BU Today

Arts & Entertainment

East Looks West in Sondheim’s Pacific Overtures

CFA presents historical musical probing cultural divide


For the last five years, the College of Fine Arts has mined the demanding, sophisticated Stephen Sondheim songbook for its musical theater productions. Now, CFA’s School of Theatre is staging Pacific Overtures, the composer’s most rarely performed and arguably most challenging work. Set in mid 19th-century Japan, the play tells the story of that nation’s westernization from the point of view of the Japanese. Like last year’s performance of Sondheim’s dark, historic romp Assassins, “it’s not standard musical fare,” says School of Theatre director Jim Petosa, who is directing Pacific Overtures. “It’s very sophisticated material that calls on real intelligence on the part of the actors, who love the opportunity to dig in.”

The play opens tonight and runs through December 19 at the Virginia Wimberly Theatre in the Calderwood Pavilion at Boston Center for the Arts.

The original 1976 Broadway production of Pacific Overtures was an elaborately staged extravaganza with more than 60 characters performing in Japanese kabuki style, with an all-male cast. (The play garnered 10 Tony Award nominations, winning for costume and lighting design, but closed after six months.) Petosa and musical director Matthew Stern (CFA’16) have cut their coed cast to 15, which is keeping the actors “really, really busy,” says Stern. The orchestra has also been pared down to nine musicians, including piano, brass, reeds, strings, and percussion, with a synthesizer creating the airy sounds of shakuhachi and other Asian instruments.

Pacific Overtures by Stephen Sondheim and John Weidman, Boston University College of Fine Arts, CFA, School of Theatre, Calderwood Pavilion

CFA stages Pacific Overtures, the most rarely performed of the works of Stephen Sondheim.

With a book by Assassins librettist John Weidman, Pacific Overtures draws its title from a letter written by Commodore Matthew Perry to the Japanese emperor in July 1853, imploring his imperial majesty to prevent the arrival of US warships by “acceding at once to the very reasonable and pacific overtures contained in the President’s letter…” Sondheim’s ironic use of the word “pacific” sets the tone for the telling, from the Japanese viewpoint, of Perry’s opening up of a long-insulated Japan to the West and thrusting the Floating World into the modern age. The politically edged plot—woven with satire—follows Kayama, played by Charles Coursey, Jr. (CFA’14), a minor official selected to dismiss American warships in the harbor, and Manjiro, portrayed by Evan Gambardella (CFA’14), a young Japanese prisoner who is granted a reprieve to help advise Kayama about Western ways.

Pacific Overtures “is so rarely produced because it’s so challenging,” says Stern, whose musical direction credits include Assassins and Merrily We Roll Along. Not only was the show originally written for an all-male cast, but that cast was intended to be Asians. “Doing racially blind casting gives us an opportunity to explore something really beautiful,” says Stern, referring to Sondheim’s score as a puzzle. The composer “puts together an intricate web of melodic figures; you have to unravel it and tie it together again. You discover new things every time you play it; it’s just totally brilliant.”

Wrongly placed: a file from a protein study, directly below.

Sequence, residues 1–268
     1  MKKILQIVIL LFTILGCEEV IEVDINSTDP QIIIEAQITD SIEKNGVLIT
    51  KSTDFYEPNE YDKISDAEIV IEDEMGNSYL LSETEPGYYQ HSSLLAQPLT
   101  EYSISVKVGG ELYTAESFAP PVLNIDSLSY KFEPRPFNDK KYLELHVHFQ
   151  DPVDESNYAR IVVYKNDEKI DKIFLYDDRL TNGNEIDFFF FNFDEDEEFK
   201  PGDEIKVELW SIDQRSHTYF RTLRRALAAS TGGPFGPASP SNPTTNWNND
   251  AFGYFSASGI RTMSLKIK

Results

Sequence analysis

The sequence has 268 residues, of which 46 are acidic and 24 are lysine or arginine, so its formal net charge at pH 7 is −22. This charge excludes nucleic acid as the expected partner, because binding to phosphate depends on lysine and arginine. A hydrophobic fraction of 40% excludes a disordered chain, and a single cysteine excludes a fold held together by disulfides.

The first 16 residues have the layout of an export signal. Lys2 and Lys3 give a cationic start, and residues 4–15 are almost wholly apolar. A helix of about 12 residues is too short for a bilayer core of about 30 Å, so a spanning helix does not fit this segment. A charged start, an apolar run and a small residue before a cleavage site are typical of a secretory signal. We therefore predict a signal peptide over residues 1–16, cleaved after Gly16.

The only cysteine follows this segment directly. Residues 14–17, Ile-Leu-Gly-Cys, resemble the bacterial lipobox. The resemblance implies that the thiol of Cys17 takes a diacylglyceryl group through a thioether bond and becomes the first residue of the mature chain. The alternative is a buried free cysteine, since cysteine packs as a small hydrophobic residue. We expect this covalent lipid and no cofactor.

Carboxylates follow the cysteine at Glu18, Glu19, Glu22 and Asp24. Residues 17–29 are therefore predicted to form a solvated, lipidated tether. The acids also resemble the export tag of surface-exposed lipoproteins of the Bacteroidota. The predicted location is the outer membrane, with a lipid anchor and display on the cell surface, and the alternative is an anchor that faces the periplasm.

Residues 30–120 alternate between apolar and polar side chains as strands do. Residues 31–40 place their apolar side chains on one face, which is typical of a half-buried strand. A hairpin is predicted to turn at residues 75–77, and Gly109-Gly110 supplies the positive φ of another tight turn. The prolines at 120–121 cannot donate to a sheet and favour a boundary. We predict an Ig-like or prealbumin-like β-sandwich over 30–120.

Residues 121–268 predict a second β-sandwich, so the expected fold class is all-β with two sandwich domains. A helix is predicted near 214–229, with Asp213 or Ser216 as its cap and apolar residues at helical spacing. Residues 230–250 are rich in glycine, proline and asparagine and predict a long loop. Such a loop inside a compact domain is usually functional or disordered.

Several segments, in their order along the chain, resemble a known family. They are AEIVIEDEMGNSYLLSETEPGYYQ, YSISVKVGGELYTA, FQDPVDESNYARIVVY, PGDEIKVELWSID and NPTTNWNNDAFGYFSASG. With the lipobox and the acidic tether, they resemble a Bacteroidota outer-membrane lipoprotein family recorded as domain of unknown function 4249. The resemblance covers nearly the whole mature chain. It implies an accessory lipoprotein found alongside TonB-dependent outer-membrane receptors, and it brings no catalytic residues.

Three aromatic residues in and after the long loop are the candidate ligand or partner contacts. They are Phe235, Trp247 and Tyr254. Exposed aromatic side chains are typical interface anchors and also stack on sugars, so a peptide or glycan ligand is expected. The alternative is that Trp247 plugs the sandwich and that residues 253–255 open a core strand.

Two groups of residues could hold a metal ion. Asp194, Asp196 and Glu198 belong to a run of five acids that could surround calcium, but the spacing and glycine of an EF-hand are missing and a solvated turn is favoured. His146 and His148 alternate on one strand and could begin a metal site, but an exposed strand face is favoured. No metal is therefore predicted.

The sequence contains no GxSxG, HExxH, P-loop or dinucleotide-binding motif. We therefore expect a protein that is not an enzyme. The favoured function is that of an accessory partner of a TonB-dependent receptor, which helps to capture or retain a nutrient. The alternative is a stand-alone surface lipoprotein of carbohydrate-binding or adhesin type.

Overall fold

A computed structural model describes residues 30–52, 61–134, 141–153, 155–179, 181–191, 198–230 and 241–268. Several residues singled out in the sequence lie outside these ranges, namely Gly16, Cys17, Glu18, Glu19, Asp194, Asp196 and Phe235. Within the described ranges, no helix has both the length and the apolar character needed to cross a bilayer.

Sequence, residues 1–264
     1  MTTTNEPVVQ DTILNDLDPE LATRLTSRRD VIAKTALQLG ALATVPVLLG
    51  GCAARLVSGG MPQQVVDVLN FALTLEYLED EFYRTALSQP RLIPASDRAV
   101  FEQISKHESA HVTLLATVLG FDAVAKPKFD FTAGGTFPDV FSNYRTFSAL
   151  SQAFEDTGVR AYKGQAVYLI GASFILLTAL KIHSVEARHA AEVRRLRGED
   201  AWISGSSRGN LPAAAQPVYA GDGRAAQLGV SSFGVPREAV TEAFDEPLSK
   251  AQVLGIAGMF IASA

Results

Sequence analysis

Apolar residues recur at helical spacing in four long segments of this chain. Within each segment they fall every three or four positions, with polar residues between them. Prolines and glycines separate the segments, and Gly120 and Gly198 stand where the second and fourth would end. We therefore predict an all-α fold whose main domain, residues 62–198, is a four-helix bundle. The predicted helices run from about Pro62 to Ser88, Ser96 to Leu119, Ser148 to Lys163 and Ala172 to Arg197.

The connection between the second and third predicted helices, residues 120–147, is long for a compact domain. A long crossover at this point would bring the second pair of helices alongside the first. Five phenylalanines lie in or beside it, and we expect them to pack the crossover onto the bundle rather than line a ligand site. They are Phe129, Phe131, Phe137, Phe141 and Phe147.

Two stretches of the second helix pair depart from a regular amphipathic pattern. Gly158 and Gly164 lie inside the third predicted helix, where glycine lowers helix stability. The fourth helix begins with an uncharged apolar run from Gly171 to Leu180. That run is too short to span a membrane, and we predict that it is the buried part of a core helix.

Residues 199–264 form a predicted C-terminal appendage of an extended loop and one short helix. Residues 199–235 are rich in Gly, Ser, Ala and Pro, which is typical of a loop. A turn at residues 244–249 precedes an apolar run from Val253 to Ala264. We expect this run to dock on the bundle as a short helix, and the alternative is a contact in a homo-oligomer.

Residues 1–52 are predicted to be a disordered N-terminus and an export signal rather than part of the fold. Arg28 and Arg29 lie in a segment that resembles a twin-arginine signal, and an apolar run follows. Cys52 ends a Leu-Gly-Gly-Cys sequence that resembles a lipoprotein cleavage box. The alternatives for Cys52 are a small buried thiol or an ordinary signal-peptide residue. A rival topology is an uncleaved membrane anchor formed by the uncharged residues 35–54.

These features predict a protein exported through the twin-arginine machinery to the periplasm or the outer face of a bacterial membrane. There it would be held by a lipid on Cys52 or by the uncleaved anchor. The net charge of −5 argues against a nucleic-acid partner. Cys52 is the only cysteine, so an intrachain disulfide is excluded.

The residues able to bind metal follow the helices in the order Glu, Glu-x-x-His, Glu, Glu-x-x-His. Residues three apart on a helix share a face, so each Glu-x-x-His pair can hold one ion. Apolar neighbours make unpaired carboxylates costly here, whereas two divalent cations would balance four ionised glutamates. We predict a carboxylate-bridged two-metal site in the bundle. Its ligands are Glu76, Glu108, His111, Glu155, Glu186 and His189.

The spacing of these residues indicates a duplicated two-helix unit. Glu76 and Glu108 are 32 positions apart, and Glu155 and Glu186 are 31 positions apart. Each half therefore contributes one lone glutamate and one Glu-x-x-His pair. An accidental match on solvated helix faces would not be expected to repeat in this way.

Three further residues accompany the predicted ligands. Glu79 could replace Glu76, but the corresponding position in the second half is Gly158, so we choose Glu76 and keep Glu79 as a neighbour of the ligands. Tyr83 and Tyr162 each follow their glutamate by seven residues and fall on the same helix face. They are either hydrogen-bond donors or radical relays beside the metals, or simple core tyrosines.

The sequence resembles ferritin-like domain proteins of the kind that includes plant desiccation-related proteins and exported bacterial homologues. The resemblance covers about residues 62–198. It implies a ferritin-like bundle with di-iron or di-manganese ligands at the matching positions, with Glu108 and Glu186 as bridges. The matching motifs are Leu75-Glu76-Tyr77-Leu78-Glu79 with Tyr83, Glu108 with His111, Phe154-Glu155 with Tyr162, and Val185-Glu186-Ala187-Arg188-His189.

Pacific Overtures by Stephen Sondheim and John Weidman, Boston University College of Fine Arts, CFA, School of Theatre, Calderwood Pavilion

In Pacific Overtures, Sondheim tells the story of the westernization of Japan from the point of view of the Japanese.

Since its debut under the bold direction of Broadway’s legendary Harold Prince, Pacific Overtures continues to confound audience expectations. Turning cultural stereotypes on their heads, the play “is meant to ask us questions about how we Americans operate as a culture and how we’re perceived,” Stern says. “I think people will find some of the material alarming and I think they should—some of it is meant to be. There are elements of the play that will feel jarringly foreign.” While lighter fare such as Gilbert and Sullivan’s The Mikado and Rodgers and Hammerstein’s Flower Drum Song, charming as they are, feed on Asian cultural stereotypes and often milk them for cheap laughs, Pacific Overtures reflects deeper cultural considerations, he says. “It’s a piece of theater that asks questions we’re not used to being asked.”

Pacific Overtures runs Friday, December 13, through Thursday, December 19, (no performance Monday, December 16) at the Virginia Wimberly Theatre in the Calderwood Pavilion at the Boston Center for the Arts, 527 Tremont St., Boston. Tickets are $12 for the general public, $10 for BU alumni, WGBH members, Huntington Theatre Company subscribers, students, senior citizens, and groups of 10 or more; members of the BU community can receive one free ticket with BU ID at the door on the day of the performance, subject to availability. Buy tickets here or call 617-933-8600.


2 Comments on East Looks West in Sondheim’s Pacific Overtures

  • christopher robinson on 12.13.2013 at 10:52 am

    Tuesday the 17th will be ASL Interpreted by REAL and Qualified ASL interpreters.

  • Ed lawrence on 12.15.2013 at 3:24 pm

    Saw it Friday night. I was disappointed.
    Most of the singers couldn’t; the narrators voice cracked during the opening scene.
    I have no idea what the director was aiming for. Did he intend for this to be a comedy or a tragedy?

    There was such potential.

Post Your Comment

(never shown)